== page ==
Page last updated at 15:58 GMT, Wednesday, 24 March 2010

Sri Lankan Tamil wins foreign journalist of year award

JS Tissainayagam (Photo: Free Media Movement)
Mr Tissainayagam is appealing against a 20-year sentence

A Sri Lankan Tamil has been named foreign journalist of the year at the British Press Awards in London.

JS Tissainayagam was arrested in 2008 and sentenced to 20 years in jail for inciting racial disharmony in his magazine. He was bailed in January.

US President Barack Obama mentioned Mr Tissainagayam last year as an example of reporters jailed for their work.

Mr Tissainayagam denies supporting violence. International human rights groups had campaigned for his release.

The chairman of the British Press Awards judges, Bob Satchwell, told the BBC Sinhala service: "There is obviously concern about journalism in Sri Lanka and some other parts of the world.

"What we hope we will do in highlighting someone's position in this way is perhaps put pressure on governments in whichever country the journalist might reside to get the journalist released.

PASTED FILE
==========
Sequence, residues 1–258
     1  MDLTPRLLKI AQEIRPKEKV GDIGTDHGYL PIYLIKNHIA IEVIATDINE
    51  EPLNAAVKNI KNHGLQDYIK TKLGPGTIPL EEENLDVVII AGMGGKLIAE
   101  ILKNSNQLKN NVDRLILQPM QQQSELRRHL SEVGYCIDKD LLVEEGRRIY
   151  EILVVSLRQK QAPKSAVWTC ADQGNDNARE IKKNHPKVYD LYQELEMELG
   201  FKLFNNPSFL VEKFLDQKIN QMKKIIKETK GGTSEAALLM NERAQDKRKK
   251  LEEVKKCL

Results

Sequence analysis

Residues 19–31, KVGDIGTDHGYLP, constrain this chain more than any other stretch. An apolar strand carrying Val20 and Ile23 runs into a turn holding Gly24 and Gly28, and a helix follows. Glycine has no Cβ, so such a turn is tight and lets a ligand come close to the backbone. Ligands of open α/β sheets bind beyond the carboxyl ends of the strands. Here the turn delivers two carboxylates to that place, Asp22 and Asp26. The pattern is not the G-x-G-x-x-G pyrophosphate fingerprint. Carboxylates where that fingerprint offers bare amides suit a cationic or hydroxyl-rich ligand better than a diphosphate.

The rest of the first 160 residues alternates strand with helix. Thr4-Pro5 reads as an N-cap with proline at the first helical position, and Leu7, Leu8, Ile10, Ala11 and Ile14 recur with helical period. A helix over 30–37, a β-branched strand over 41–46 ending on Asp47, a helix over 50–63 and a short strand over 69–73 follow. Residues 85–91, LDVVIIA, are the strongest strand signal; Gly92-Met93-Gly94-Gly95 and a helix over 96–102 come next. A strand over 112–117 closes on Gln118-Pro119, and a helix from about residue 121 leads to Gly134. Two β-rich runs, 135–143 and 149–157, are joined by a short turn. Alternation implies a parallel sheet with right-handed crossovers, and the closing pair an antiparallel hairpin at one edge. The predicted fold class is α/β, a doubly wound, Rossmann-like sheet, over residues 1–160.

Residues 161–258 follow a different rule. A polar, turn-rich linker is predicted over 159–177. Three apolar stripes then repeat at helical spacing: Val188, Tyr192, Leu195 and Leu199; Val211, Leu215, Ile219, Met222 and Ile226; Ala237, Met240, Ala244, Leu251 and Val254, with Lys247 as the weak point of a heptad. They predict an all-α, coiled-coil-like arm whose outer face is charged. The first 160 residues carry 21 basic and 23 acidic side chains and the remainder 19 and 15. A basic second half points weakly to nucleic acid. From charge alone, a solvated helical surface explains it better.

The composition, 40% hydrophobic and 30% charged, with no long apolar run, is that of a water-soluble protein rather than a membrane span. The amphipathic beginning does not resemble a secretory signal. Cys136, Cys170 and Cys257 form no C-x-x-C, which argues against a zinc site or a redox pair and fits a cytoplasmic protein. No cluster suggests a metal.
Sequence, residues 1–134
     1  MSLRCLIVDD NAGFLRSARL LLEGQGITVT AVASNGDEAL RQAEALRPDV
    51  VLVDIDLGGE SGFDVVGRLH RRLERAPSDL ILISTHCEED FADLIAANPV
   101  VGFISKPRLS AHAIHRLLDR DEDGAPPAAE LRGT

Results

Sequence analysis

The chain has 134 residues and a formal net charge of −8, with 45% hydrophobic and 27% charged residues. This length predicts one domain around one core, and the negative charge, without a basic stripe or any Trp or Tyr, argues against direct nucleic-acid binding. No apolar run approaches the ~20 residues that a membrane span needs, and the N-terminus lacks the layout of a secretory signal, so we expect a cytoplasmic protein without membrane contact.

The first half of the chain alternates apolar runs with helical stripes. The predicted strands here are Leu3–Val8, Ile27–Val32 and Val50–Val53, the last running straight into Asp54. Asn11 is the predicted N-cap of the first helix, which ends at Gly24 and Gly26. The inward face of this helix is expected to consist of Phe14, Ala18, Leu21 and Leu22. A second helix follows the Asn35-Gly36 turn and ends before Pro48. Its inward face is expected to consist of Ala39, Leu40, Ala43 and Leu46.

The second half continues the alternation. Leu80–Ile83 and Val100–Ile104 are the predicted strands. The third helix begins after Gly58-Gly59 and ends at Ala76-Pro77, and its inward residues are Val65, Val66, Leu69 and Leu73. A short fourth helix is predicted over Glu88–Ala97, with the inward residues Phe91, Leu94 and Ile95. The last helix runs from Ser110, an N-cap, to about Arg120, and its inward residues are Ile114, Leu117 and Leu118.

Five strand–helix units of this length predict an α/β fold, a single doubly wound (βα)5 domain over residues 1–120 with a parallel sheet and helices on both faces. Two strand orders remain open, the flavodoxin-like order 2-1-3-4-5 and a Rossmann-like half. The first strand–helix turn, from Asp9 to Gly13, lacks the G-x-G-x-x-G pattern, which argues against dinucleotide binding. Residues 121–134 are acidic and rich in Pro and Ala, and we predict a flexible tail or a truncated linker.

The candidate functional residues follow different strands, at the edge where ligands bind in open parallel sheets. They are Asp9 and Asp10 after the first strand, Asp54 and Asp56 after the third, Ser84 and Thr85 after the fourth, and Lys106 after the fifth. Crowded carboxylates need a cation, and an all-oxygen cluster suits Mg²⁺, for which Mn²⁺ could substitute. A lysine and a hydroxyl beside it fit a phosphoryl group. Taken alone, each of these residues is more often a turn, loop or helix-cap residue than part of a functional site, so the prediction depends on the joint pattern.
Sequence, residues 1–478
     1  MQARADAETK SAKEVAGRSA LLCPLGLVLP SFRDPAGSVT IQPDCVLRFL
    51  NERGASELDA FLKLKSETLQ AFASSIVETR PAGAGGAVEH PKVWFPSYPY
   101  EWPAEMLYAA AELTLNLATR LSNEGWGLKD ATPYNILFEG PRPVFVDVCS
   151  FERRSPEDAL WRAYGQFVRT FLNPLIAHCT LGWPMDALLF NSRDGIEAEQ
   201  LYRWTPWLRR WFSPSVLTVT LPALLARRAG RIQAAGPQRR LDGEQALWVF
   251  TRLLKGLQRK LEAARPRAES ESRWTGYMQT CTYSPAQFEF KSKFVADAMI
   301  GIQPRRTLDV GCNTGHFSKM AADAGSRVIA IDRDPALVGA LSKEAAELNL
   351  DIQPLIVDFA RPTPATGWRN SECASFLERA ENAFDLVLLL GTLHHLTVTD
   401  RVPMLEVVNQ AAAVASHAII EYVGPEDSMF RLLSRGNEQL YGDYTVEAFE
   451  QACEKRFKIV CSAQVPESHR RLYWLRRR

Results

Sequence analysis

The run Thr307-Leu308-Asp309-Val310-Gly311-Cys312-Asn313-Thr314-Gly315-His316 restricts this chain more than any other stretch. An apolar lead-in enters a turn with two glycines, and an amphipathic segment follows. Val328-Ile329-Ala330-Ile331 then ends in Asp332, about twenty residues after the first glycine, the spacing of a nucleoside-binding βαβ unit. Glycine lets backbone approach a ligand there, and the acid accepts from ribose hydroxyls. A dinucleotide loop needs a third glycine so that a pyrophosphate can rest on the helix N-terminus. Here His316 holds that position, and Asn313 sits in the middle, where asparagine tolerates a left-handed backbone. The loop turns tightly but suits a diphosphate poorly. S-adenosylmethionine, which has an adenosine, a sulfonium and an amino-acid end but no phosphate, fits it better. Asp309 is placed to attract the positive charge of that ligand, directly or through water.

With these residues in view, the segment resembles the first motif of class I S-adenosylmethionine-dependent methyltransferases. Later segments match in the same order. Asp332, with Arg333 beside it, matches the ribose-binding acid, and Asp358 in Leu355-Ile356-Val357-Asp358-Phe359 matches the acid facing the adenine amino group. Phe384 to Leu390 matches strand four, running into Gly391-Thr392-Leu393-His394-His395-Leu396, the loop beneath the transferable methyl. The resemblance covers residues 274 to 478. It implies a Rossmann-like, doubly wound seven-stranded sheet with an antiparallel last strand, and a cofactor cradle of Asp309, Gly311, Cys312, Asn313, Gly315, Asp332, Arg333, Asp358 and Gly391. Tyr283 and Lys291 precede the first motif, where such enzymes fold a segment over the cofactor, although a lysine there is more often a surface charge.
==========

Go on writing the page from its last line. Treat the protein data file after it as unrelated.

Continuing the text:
"What we always try to argue for is freedom of expression, therefore the freedom of the press, and that journalists should not be harassed and maltreated in this way."


Last September, Mr Tissainayagam was given an award for courageous and ethical journalism by the Paris-based group Reporters Without Borders.

On Tuesday, Reporters Without Borders appealed to Sri Lankan President Mahinda Rajapaksa to publicise the results of investigations into the disappearance of another journalist who vanished two months ago.

It notes that senior officials are still implying that Prageeth Eknaligoda staged his own disappearance and alleges that the police have shown "no interest" in finding him alive.

"We urge the president to provide credible information about what happened to him," Reporters Without Borders said.

Media rights groups say Sri Lanka is one of the most dangerous places for journalists to work.

They accuse the authorities of intimidating and harassing journalists critical of the government's policies.

Official figures show that nine journalists have been killed and more than 25 assaulted in the past four years in Sri Lanka.

The government says it has nothing to do with either the killings or the attacks on journalists.

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